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President Biden's Executive Order on Improving the Nation's Cybersecurity has driven wide-scale changes in software development practices in both the UK and US in the two years since it launched, according to new research from Sonatype.
The Order, designed to bolster the US response to cyberattacks and encourage greater public-private sector collaboration, primarily focused on Federal executive agencies and contractors. However, the findings show it has spurred industry-wide action on both sides of the Atlantic.
According to the research, 76% of enterprises have adopted a Software Bill of Materials (SBOM) since the Order's introduction.
Another 16% plan to implement SBOMs within the next year, showing increasing recognition of the correlation between open source hygiene and cybersecurity posture.
Of the three-quarters of companies with SBOMs in place, only 4% adopted them over three years ago, demonstrating how much practices have evolved since the Order.
Furthermore, the findings revealed that SBOMs are becoming a key procurement requirement. Some 60% of respondents currently mandate that the businesses they work with maintain an SBOM and 37% said they will do so in the future, indicating proper software hygiene is becoming increasingly tied to commercial opportunities.
The research also confirms the Order has influenced software development practices in ways transcending SBOMs. Respondents are increasingly investing in technologies to improve software supply chain management, including vulnerability scanning (30%), software composition analysis (24%), supply chain automation (23%), threat intelligence (22%), and bug bounty programs (20%).
The regulation has also fueled investment in skills and operations like employee training and awareness (26%), recruiting developer talent (21%), and processes to assess supply chain risks (24%).
Despite SBOMs' contribution to good software hygiene, however, some companies still lag behind. Of the 24% of respondents yet to adopt SBOMs, 49% attributed this to being unsure how to implement them; 47% are unsure of their benefits; 43% have cost concerns; and 32% lack team resources, underscoring how the global cybersecurity skills crisis is hampering defense strategies.
"While it's good to finally see widespread adoption of SBOMs, it's equally concerning to see nearly a quarter of large enterprises have yet to implement them," said Brian Fox, CTO and Co-Founder at Sonatype. "It echoes our research findings last year showing many organizations are a lot farther behind on software supply chain management than they think they are. SBOMs are just 'step one' to cyber resilience — there's a whole lot more that comes after that list of ingredients if you want to achieve good software hygiene, like investing in tools for software composition analysis. If you're not at that first step yet, you're going to fall behind."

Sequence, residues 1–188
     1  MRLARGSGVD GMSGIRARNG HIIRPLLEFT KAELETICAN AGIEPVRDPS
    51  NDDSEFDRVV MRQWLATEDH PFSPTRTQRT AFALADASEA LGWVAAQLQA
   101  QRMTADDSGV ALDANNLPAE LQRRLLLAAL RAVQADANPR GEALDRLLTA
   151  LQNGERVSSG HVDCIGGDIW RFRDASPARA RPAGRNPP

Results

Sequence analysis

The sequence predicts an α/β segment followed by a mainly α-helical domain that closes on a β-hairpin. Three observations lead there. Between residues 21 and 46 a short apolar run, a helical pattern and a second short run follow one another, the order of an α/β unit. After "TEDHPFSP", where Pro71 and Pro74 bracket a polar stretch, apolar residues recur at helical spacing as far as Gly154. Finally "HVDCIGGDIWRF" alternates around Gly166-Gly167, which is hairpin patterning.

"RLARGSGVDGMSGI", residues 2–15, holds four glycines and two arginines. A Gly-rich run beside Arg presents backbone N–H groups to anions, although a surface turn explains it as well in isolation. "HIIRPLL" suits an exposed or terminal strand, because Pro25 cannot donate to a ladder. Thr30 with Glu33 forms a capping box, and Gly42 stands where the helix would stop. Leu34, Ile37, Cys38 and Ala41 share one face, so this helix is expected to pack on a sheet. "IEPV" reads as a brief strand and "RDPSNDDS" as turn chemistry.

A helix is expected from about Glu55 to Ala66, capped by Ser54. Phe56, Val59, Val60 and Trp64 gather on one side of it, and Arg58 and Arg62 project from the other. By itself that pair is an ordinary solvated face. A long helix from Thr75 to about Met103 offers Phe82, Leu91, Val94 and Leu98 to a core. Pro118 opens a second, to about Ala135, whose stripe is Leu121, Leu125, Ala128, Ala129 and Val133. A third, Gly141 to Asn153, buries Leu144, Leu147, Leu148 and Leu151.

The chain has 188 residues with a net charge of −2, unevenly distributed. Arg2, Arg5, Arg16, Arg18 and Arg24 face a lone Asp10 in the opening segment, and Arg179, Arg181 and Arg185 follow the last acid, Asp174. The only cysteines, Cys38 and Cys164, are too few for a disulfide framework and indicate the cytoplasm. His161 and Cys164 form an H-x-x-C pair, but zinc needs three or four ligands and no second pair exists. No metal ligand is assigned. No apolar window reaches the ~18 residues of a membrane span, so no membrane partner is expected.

The research also found that 41% of security decision-makers see cyber regulation as the factor having the greatest positive impact on software security. Some, however, lament the volume of cybersecurity regulation, with 44% of business leaders believing there is too much government intervention on cybersecurity overall.
Reception towards policy varies from region to region and policy to policy. Confidence in the long-term success of Biden's Order is high, with 71% deeming its regulations effective for improving cybersecurity. Interestingly, in the US, decision-makers feel overwhelmingly positive about the amount of cybersecurity regulation, with 84% of respondents viewing regulation in the market as positive. In contrast, in the UK, which has been slower to regulate on software development and cybersecurity issues, just 68% of UK business leaders feel positive about it, potentially inviting more intervention.
"We've been highlighting for years the value of better visibility into the software supply chain," said Wayne Jackson, CEO at Sonatype. "Governments worldwide have to play their part in holding vendors accountable, and we're finally seeing that come to fruition with rising SBOM adoption as a result of regulatory pressures. But we need to see international governments and businesses on the same page for policy to avoid a messy patchwork of disaggregated regulations that all tackle cyber resilience in different ways. It could otherwise stifle innovation in really crucial areas of software development like the open source ecosystem. Active communication between the private and public sector will go a long way to avoid that."
Methodology: Sonatype surveyed 217 Cybersecurity Directors in organizations with over £50 million/$50 million revenue in the UK and US respectively.